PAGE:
a decoder means connected to the buffer and receiving the enabling signal from the buffer, the decoding means producing a first output in response to an enabling signal having a low duty cycle, a second output in response to an enabling signal having an intermediate duty cycle, and a third output in response to an enabling signal having a high duty cycle.
21. Apparatus as defined in claim 20 further comprising a plurality of light producing means, a first one of said plurality being connected to said first output of said decoding means, a second one of said plurality being connected to said second output of said decoding means and a third one of said plurality being connected to said third output of said decoding means.
Description
BACKGROUND OF THE INVENTION

This invention relates to an indicator of operating conditions in an internal-combustion engine. More particularly, it is an apparatus for indicating one of a plurality of conditions of an internal combustion engine, such as an outboard marine engine, at a remote location by an electrical connection that comprises a single insulated conducting wire.

Internal-combustion engines typically require the circulation of oil under pressure to lubricate working parts, and are typically designed to operate at or under a maximum temperature. It is common to monitor the presence and circulation of oil for lubrication by monitoring oil pressure. Marine engines may be air-cooled, but are more typically cooled by circulating water. Any failure of that circulation rapidly causes an increase in the temperature of the engine. Either an increase in engine temperature or a decrease in oil pressure represents information that should be communicated to the operator of the engine who can then take action to prevent damage to the engine. When the operator is located at a distance from the engine, as when the engine is controlled from the front of the boat, a remote pilot house or the like, it is necessary to communicate information detected by sensors at the engine to the remote location.

One attempt at solving the problem described above has been disclosed in U.S. Pat. No. 4,019,489, entitled "Safety Apparatus for Engines." The '489 patent discloses a system that is responsive to water pressure, oil pressure, and engine temperature. Each of these variables is detected by a conventional sensor that is connected by its own insulated wire to an electronic circuit at a remote location in a pilot house or the like. The use of such separate wires requires a multiwire cable or the equivalent connecting the engine with the control area. This represents a disadvantage that is overcome by the present invention.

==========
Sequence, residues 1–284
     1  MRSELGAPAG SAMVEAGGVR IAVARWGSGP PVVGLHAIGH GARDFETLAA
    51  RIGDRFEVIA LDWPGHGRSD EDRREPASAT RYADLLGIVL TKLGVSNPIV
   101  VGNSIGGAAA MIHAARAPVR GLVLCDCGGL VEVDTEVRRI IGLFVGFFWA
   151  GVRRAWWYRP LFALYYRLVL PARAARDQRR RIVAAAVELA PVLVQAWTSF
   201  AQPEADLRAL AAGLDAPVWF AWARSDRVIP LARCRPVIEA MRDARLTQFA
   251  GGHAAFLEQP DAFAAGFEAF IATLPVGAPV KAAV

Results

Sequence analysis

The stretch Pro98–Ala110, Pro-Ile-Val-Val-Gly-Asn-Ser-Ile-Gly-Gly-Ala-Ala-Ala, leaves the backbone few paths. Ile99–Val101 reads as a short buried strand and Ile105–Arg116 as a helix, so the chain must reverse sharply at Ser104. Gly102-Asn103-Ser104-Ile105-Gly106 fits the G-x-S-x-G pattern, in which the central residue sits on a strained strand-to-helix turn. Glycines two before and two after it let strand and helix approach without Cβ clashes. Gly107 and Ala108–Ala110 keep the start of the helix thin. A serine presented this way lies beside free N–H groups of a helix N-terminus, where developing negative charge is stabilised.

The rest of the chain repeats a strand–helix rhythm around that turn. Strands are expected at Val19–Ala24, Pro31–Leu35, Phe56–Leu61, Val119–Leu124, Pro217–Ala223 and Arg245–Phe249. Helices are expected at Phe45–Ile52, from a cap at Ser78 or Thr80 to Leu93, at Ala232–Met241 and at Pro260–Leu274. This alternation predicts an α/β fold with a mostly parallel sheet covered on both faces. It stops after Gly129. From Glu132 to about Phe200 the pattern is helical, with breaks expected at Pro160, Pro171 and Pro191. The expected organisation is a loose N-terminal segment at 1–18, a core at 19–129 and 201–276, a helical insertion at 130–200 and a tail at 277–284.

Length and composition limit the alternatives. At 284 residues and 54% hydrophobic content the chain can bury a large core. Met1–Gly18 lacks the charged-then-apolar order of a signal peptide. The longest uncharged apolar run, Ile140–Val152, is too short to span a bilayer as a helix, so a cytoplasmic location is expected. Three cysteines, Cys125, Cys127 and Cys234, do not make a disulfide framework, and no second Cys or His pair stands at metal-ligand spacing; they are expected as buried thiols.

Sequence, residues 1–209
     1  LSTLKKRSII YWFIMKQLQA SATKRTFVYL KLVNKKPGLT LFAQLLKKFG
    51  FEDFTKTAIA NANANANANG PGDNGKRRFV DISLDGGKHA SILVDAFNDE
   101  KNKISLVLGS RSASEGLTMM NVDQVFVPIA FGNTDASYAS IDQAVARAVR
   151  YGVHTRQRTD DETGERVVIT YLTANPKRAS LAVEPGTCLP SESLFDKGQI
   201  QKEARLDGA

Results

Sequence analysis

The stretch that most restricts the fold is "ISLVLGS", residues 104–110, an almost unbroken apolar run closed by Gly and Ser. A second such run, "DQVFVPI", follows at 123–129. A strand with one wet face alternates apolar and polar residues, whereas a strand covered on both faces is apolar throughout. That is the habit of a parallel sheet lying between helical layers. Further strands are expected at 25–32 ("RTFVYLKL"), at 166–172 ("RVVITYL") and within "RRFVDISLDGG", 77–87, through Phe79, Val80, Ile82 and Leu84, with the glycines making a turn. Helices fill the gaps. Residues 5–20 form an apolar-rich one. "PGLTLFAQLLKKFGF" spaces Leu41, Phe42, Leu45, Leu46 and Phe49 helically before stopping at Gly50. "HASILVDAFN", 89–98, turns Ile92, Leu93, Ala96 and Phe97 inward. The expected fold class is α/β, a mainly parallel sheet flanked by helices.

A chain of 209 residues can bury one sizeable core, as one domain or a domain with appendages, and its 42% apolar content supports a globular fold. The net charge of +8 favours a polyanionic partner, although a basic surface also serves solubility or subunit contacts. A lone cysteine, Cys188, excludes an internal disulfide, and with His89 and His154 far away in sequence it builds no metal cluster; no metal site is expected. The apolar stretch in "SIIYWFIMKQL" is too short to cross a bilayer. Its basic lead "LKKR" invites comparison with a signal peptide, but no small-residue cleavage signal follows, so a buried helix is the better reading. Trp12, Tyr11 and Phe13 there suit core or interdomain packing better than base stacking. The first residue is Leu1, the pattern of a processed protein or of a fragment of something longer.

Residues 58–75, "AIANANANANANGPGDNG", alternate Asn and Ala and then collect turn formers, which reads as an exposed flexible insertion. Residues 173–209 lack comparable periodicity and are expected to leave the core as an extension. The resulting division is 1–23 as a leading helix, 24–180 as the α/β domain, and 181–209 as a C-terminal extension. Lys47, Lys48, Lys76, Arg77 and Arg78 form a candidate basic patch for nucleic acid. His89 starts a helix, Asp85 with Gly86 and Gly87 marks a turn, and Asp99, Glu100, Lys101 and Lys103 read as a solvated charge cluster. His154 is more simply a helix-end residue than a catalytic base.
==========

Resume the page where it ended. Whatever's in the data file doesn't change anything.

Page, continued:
SUMMARY OF THE INVENTION

Accordingly, it is a primary object of the present invention to provide a better apparatus for indicating operating problems of an internal-combustion engine at a location remote from the engine.

It is a further object of the present invention to provide an indicator for an outboard marine engine that connects the engine and a remote control area by a single Wire that carries information about a plurality of malfunctions.

Other objects and advantages will become apparent in the course of reading a detailed description of the invention.

An indicator of operating conditions in an outboard marine engine displays information about a plurality of engine conditions in response to signals communicated from a remote location over a single wire. Different engine trouble conditions are identified by periodic voltage waves of different duty cycles on the single wire. A logic circuit detects a particular duty cycle and actuates an alarm in response to the detected signal. It is thus possible to alert an operator at a remote location to conditions such as low oil pressure, zero oil pressure or engine overtemperature by means of a single wire connected to a signal source that is coupled to various sensors that are operationally connected to monitor operating conditions of the engine.

BRIEF DESCRIPTION OF THE DRAWINGS

FIG. 1 is a functional block diagram of a circuit for the practice of the present invention.

FIGS. 2 and 3 together comprise an electrical schematic circuit diagram that can be used to carry out the operation of the block diagram of FIG. 1.

FIG. 4 is a block diagram of a circuit for producing indications of engine troubles.

FIG. 5 is a time plot of waveforms indicating various engine conditions.

DETAILED DESCRIPTION OF THE INVENTION